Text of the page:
MINNEAPOLIS (AP) — Minnesotans can legally possess and grow their own marijuana for recreational purposes starting Tuesday, Aug. 1, subject to limits meant to keep a lid on things while the state sets up a full-blown legal cannabis industry.
The Democratic-controlled Minnesota Legislature approved a massive legalization bill and Democrat Gov. Tim Walz signed it in May.
At least one Minnesota tribe plans to take advantage of its sovereignty and allow sales right away. But the state projects most legal retail sales won’t begin until early 2025, while it creates as licensing and regulatory system for the new industry.
Legalization followed a debate between critics who fear for the impacts on public safety and young people, and supporters who argue that prohibition of the drug had failed. Backers of the law framed legalization noted that people of color were more likely than whites to be arrested for minor offenses, and to suffer lasting consequences in employment and housing.
Minnesota is the 23rd state to legalize recreational marijuana, more than a decade after Colorado and Washington did so.
It comes as New York struggles to end the illicit trade while failing to quickly license legal shops with a focus on “social equity” and New Mexico punishes retailers for illegally selling weed sourced from California — amid wider gluts and plummeting prices for pot farmers.
Farmers, like members of the public, can’t legally move cannabis across state lines amid the ongoing federal ban.
Here’s a look at what will and won’t change in Minnesota as of Aug. 1:
Adults 21 and older can possess and travel in the state with 2 ounces of cannabis flower, 8 grams of concentrate and 800 milligrams worth of THC-containing edible products such as gummies and seltzers. They can have up to 2 pounds of cannabis flower at home.
Low-potency edibles made with THC from industrial hemp were legalized last year. They’ve been subject to a 10% marijuana tax since July 1.
That tax will apply to other marijuana products as they become licensed for sales, but not on sovereign tribal lands.
It remains illegal under federal law to bring marijuana in from out of state.
The Red Lake Nation plans to sell recreational marijuana at its existing medical cannabis dispensary starting Aug. 1. But that’s on its remote reservation in northwestern Minnesota. It’s not clear yet if other tribes will follow.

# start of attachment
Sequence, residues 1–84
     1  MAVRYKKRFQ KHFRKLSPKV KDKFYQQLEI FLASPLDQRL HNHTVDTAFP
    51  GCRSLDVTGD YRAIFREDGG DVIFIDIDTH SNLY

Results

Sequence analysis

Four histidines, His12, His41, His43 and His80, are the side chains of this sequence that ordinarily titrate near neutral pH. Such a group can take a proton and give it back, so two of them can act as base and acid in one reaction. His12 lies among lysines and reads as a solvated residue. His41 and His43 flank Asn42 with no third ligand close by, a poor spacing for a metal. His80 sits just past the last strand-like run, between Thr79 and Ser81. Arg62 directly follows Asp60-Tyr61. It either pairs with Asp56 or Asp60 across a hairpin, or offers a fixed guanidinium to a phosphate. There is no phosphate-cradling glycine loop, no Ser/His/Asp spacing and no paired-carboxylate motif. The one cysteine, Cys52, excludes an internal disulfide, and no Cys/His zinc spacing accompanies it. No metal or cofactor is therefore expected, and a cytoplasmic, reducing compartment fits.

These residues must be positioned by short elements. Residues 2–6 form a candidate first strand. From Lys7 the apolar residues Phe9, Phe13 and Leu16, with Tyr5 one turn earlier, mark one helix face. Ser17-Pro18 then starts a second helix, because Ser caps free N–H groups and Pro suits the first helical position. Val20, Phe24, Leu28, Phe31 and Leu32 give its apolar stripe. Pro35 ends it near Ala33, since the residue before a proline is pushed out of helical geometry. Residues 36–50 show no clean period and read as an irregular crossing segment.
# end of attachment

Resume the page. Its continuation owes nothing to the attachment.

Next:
While states like New Mexico managed to legalize and regulate marijuana within a year of legalization, Minnesota will take a bit longer.
Like New York, the Minnesota law gives priority to social equity considerations for awarding licenses. That can mean applicants from low-income areas that have felt disproportionate effects from marijuana being illegal, people whose convictions have been expunged, and military veterans who lost their honorable status due to a marijuana-related offense, to name a few.
That includes a long list of license categories for cannabis-related businesses, with application fees ranging from $250 for delivery services to $10,000 for growers and product manufacturers.
Local governments can’t ban cannabis sales, but they can limit the number of retailers to one per 12,500 residents.
Adults can grow up to eight plants at home, with no more than four flowering at a time. The plants must be grown in an enclosed, locked space that’s not open to public view, whether that’s indoors or in a garden.
Retailers can start selling marijuana seeds if they comply with labeling and other requirements set by the Minnesota Department of Agriculture.
WHERE AND WHERE NOT TO TOKE
Cannabis can be legally consumed on private property, including private homes. Eventually it will be allowed at special events where organizers have permits.
But it’s still illegal to smoke or vape cannabis anywhere that tobacco smoking is prohibited, including most businesses, apartment buildings and college campuses. Nothing in the state law prohibits smoking it on a public sidewalk, but local ordinances might.
Cannabis use remains illegal in all forms while driving, in public schools, on school buses, in state prisons, and on federal property. It can’t be smoked or vaped where a minor could inhale it.
GUNS AND GANJA
Federal law still bars cannabis consumers from owning firearms or ammunition.
That’s despite Second Amendment-friendly provisions in the Minnesota law. The federal Bureau of Alcohol, Tobacco, Firearms and Explosives has said that regardless of Minnesota’s new law, a “current user” of marijuana is defined as an “unlawful user” for federal purposes. That means people following state law are still prohibited from having guns and ganja.
Gun purchasers must fill out an ATF form saying whether or not they use marijuana. Lying on the form is a felony under federal law.
Minor marijuana convictions, like possession of small amounts, will began to be automatically expunged starting in August. More than 60,000 Minnesotans could benefit, but the Bureau of Criminal Apprehension says the process could take up to a year to clear everyone’s record.
A special Cannabis Expungement Board will be formed to review felony convictions to determine eligibility case by case.
The Office of Cannabis Management will oversee the cannabis industry in Minnesota. It’s starting to list job positions, with applications for the office’s first executive director open through July 31.
The office will also take over the running of Minnesota’s medical marijuana program, which won’t be taxed.
Tribal governments will set their own rules.